Why does orthopaedic research fail in clinical practice?
Updated: Oct 4, 2019
Real-life observational studies are essential to evidence-based practice change. Sure, they're not the gold standard for proving the efficacy of a device or treatment (that's what randomised control trials are for), but they have the ability to capture a patient sample that represents the average population, and can prove whether patients in routine practice are achieving expected outcomes . Conducting observational studies in a clinical setting however, is not always easy, with time constraints, financial demands and a lack of supportive research infrastructure presenting common challenges .
Having worked with a number of clinical partners with various levels of clinical and research experience, it got us thinking- how exactly do resource and time limitations affect observational studies in clinical practice? And what advice can we provide to those wanting to establish their own investigations? With over 11,000 hours of activity clocked by our team in 2018, we dug deep into our project management archives for some answers.
"We're good to go!"
We've heard that phrase one too many times. Variations include: "I've got all the data", "We've got ethics covered", "We've got all our patients", "I've got a fellow starting next month- he can do it". That's all great, but what variables does the literature say are worth collecting? Does your ethics allow you to retrospectively add patients to your study? Do you have the right sample size to answer the question you're asking? How many hours is your fellow planning on committing to research each week?
If there's one thing we place a lot of emphasis on, it has to be this- everyone needs a research plan. Whether it's a grand plan encompassing a whole patient registry and cohort studies, or a single research protocol for a simple investigation, you need a thoroughly-explored, well-documented plan in place before commencing. Why? Because in our experience, we've found that studies that took off without an adequate plan in place took up to 4 times longer than expected. That's 2.5 years for a study that you thought would only take 8 months. And with that comes a whole array of problems- going over budget, dealing with staff turnover, and in some cases, losing the novelty of your idea because the literature is now flooded with similar reports.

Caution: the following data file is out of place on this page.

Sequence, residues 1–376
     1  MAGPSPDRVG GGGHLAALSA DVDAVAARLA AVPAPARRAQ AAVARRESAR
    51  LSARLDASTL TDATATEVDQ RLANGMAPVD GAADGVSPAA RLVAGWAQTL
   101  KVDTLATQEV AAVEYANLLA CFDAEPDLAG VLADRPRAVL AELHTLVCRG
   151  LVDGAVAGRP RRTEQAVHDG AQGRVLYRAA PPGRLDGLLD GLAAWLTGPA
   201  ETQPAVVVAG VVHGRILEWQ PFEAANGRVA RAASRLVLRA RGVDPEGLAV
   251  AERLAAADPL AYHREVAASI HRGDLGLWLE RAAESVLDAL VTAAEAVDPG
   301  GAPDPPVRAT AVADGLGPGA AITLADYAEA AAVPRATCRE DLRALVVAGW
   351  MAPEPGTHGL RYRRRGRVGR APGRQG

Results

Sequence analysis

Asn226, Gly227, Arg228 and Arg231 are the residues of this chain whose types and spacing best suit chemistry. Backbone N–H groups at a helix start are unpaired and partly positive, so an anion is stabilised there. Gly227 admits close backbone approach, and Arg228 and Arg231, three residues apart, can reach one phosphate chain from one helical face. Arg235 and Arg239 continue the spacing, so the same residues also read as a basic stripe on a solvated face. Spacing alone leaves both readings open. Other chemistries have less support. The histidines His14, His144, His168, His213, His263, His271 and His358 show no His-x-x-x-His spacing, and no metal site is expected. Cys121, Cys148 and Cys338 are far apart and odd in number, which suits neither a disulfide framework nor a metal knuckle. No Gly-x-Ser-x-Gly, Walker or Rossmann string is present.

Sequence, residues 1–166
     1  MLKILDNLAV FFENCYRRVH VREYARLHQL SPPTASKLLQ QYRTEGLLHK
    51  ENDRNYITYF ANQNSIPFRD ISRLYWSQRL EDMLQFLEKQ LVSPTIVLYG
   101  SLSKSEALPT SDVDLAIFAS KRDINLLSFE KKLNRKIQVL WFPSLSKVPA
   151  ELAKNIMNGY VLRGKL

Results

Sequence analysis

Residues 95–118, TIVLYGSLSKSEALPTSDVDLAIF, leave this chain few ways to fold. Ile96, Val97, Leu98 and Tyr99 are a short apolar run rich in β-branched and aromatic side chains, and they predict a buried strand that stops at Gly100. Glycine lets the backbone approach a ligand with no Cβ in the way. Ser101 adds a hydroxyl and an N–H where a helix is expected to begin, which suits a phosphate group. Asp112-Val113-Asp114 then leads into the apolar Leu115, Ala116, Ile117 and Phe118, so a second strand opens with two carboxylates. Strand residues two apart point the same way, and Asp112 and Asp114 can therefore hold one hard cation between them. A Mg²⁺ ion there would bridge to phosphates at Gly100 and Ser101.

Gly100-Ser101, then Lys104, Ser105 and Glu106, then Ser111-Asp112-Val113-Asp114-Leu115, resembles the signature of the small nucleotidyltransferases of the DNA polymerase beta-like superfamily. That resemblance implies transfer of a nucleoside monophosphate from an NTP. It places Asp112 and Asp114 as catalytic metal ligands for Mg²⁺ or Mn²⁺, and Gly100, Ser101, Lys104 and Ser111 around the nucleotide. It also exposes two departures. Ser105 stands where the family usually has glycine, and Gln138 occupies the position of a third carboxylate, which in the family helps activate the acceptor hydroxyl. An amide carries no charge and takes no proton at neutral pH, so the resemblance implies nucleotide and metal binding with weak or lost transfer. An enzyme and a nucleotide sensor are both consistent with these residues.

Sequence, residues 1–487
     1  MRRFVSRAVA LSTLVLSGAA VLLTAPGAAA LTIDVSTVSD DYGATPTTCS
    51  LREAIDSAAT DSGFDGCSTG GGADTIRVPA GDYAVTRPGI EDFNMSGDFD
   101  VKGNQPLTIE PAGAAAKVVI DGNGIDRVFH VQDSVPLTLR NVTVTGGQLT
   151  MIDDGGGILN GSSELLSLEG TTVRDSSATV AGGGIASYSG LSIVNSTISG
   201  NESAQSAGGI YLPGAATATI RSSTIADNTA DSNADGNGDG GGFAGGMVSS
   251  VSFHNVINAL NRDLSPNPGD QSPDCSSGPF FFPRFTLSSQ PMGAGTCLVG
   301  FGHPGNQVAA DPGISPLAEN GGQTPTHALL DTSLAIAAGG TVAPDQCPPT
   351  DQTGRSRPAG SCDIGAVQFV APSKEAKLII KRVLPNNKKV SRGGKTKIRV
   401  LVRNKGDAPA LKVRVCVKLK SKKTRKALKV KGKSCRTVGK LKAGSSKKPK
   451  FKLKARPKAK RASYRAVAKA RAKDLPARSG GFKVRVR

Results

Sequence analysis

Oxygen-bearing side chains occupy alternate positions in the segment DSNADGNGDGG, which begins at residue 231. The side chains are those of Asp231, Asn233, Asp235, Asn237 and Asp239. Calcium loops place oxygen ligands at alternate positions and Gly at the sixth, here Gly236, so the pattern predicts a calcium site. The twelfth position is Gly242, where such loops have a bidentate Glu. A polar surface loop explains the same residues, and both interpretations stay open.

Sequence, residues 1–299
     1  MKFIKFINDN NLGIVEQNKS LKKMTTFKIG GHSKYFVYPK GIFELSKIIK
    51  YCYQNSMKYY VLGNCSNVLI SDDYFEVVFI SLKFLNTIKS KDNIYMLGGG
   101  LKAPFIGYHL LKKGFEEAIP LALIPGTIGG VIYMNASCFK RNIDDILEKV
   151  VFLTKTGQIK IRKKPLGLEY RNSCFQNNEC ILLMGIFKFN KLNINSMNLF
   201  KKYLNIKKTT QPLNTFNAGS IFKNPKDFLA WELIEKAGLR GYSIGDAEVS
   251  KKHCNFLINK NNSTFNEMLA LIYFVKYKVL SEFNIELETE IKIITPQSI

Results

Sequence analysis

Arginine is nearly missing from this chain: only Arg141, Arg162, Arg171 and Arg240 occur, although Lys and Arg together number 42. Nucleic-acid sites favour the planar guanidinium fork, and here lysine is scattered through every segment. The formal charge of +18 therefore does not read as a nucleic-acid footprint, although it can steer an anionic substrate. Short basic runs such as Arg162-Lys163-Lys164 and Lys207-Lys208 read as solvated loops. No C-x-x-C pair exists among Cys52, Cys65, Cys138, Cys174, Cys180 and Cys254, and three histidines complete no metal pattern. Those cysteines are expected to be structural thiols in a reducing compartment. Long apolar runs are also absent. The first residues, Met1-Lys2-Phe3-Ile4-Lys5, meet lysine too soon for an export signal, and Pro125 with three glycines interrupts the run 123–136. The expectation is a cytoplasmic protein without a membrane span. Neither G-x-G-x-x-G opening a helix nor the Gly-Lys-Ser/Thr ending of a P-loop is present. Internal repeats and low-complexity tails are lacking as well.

Having said that, even carefully planned studies can encounter a number of problems that affect both timeline and budget, and there's two common reasons why:
There's a reason why they refer to it as "creep". It's because you think it's within the scope of what you've planned, but you don't realise that recruiting a few extra patients means days of extra follow-ups, or doing image analysis means spending hours on the phone with customer support in a different timezone. Sometime it's outside your control- the hospital decides to change their MRI scanner halfway through the study and you're stuck deciding between re-scanning your patients or abandoning the project all together (true story). With the work we've been involved in, we found that projects that went 3-4 times over budget did so mainly because of scope creep, with over-committed staff another key factor (more on that later).